The makers of World of Warcraft have struck back at the game's gold-farming black market, convincing PayPal to suspend the accounts of those using the service for gold-selling transactions. Warning letters went out this month.
Blizzard's complaint to PayPal accused gold-farmers of selling Blizzard's intellectual property, i.e. the virtual goods. PayPal's complied and sent notices to the gold sellers specified in Blizzard's complaint. The accused gold farmers were given a chance to appeal PayPal's finding by Jan. 21, otherwise they had to cease selling gold or face the suspension of their PayPal account.
The letter to the gold farmers, per WoW Insider:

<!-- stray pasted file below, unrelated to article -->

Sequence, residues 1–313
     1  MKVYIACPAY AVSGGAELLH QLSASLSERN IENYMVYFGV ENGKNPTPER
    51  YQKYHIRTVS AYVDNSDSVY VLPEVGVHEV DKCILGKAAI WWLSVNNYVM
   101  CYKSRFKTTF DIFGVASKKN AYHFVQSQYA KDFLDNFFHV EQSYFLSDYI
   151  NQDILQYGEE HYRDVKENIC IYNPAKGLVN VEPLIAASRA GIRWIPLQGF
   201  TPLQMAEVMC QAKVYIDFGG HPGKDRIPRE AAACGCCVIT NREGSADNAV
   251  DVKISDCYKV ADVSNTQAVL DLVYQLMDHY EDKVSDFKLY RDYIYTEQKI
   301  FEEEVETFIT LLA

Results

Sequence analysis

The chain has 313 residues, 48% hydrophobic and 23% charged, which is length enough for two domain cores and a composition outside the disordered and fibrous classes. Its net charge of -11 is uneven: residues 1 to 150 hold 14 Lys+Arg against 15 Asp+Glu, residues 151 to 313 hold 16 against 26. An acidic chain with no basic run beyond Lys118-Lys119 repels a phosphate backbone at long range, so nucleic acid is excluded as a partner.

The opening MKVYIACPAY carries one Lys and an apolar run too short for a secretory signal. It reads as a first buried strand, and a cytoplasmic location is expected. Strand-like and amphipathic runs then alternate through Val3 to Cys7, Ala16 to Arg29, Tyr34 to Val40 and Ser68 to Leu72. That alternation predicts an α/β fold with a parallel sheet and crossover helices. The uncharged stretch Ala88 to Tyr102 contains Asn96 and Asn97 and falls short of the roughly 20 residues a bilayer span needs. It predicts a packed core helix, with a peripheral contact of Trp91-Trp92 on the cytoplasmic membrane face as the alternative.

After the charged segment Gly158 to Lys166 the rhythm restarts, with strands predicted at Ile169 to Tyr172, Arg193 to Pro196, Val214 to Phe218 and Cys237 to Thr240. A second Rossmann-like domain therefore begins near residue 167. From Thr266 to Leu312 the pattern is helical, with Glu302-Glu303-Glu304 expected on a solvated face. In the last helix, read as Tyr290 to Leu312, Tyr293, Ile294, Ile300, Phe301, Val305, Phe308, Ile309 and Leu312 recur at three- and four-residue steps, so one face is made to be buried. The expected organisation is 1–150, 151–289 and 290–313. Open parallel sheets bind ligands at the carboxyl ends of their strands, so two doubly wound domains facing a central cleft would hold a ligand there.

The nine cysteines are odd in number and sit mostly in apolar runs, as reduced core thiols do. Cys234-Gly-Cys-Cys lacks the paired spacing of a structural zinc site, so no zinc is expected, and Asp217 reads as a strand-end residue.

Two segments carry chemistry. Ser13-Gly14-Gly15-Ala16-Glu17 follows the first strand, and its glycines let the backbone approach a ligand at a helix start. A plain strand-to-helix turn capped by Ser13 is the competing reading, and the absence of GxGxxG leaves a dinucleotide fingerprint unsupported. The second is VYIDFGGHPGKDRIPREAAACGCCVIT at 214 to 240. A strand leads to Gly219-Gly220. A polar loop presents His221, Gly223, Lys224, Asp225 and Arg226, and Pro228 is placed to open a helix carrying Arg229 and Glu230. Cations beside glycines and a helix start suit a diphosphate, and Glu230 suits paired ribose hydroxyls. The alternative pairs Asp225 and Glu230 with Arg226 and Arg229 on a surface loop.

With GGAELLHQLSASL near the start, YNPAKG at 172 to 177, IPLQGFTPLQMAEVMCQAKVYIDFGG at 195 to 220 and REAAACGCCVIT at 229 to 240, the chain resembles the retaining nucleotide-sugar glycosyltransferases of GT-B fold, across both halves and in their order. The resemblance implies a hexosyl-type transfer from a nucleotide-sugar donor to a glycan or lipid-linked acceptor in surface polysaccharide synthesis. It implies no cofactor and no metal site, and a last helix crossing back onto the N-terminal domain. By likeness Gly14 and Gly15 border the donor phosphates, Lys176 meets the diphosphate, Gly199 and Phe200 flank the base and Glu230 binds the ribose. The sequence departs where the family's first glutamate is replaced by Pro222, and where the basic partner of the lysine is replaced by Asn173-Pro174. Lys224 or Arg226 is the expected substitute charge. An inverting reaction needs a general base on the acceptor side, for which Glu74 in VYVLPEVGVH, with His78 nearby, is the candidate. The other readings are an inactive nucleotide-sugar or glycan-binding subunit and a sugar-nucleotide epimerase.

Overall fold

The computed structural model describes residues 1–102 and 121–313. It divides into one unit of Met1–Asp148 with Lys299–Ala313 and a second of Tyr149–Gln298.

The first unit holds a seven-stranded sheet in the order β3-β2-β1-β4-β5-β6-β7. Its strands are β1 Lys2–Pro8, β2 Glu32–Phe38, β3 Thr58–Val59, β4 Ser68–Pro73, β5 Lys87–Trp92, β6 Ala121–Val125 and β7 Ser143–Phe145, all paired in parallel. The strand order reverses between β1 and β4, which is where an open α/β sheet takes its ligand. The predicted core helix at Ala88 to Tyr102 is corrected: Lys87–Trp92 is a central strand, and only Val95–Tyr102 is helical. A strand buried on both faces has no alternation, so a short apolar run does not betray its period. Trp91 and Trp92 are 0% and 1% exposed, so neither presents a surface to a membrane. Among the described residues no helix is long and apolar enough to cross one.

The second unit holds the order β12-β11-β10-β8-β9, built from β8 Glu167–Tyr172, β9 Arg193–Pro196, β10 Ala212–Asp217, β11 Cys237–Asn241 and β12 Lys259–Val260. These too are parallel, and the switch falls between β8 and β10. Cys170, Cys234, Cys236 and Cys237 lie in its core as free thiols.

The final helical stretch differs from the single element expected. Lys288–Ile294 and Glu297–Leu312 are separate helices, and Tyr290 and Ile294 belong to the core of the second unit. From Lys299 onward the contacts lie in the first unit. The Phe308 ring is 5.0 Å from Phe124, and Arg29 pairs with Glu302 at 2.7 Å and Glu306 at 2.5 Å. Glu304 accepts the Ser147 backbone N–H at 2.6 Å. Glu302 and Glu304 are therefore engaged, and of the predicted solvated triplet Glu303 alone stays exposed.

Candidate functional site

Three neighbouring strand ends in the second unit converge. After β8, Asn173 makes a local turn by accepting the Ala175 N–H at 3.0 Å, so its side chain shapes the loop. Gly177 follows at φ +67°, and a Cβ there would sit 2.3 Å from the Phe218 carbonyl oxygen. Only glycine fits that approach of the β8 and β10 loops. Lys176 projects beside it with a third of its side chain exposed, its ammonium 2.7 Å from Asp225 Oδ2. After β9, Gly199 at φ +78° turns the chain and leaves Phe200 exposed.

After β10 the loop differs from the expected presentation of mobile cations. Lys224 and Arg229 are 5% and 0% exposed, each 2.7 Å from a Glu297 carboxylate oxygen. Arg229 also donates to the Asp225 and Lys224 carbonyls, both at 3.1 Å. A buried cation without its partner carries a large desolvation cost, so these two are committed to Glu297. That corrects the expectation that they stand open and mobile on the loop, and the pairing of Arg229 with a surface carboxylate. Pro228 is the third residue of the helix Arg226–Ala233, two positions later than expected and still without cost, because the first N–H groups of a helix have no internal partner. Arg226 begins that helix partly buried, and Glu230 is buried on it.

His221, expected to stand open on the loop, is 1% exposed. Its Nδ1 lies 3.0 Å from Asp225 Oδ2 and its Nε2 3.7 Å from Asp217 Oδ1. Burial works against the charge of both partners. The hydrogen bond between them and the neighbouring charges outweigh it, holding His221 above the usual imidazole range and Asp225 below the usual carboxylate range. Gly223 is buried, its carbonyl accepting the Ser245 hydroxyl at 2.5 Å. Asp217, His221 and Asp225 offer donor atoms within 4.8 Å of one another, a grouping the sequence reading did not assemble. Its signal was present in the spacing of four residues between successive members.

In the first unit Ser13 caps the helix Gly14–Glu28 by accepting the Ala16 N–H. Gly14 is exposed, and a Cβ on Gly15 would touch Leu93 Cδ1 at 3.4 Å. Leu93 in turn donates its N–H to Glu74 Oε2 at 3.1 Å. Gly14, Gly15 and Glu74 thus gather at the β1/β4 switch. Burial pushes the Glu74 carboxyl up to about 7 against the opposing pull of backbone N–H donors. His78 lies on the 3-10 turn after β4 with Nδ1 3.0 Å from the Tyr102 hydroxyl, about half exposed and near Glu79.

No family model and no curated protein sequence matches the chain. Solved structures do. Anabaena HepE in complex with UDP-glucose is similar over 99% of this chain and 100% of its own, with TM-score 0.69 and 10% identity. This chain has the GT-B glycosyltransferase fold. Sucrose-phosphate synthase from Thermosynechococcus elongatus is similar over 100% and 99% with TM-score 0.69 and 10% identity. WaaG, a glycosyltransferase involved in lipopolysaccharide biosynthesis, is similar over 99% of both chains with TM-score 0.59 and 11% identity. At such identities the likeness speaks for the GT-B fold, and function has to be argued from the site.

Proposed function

You were reported to PayPal as an Intellectual Properties violation by Blizzard Entertainment Inc. for the sale of World of Warcraft Merchandise.
If you feel your sales do not infringe upon the intellectual property rights of the Reporting Party, please complete the attached Objection to Infringement Report by January 21, 2011.
The completed form should be faxed to the attention of the Acceptable Use Policy Department at [number removed] or emailed to [email removed].
Should you choose not to object to the report, you will be required to remove all World of Warcraft Merchandise from the website [url removed] in order to comply with the Acceptable Use Policy.
As an illicit market, it's difficult to measure the volume of gold farming business done globally. It's rumored to be upwards of $500 million in China alone. The PayPal action is viewed as a more cost-effective measure than lawsuits, especially as most of the offending gold sellers are outside of the United States.
Blizzard Strikes Gold Sellers With PayPal Notices [WoW Insider]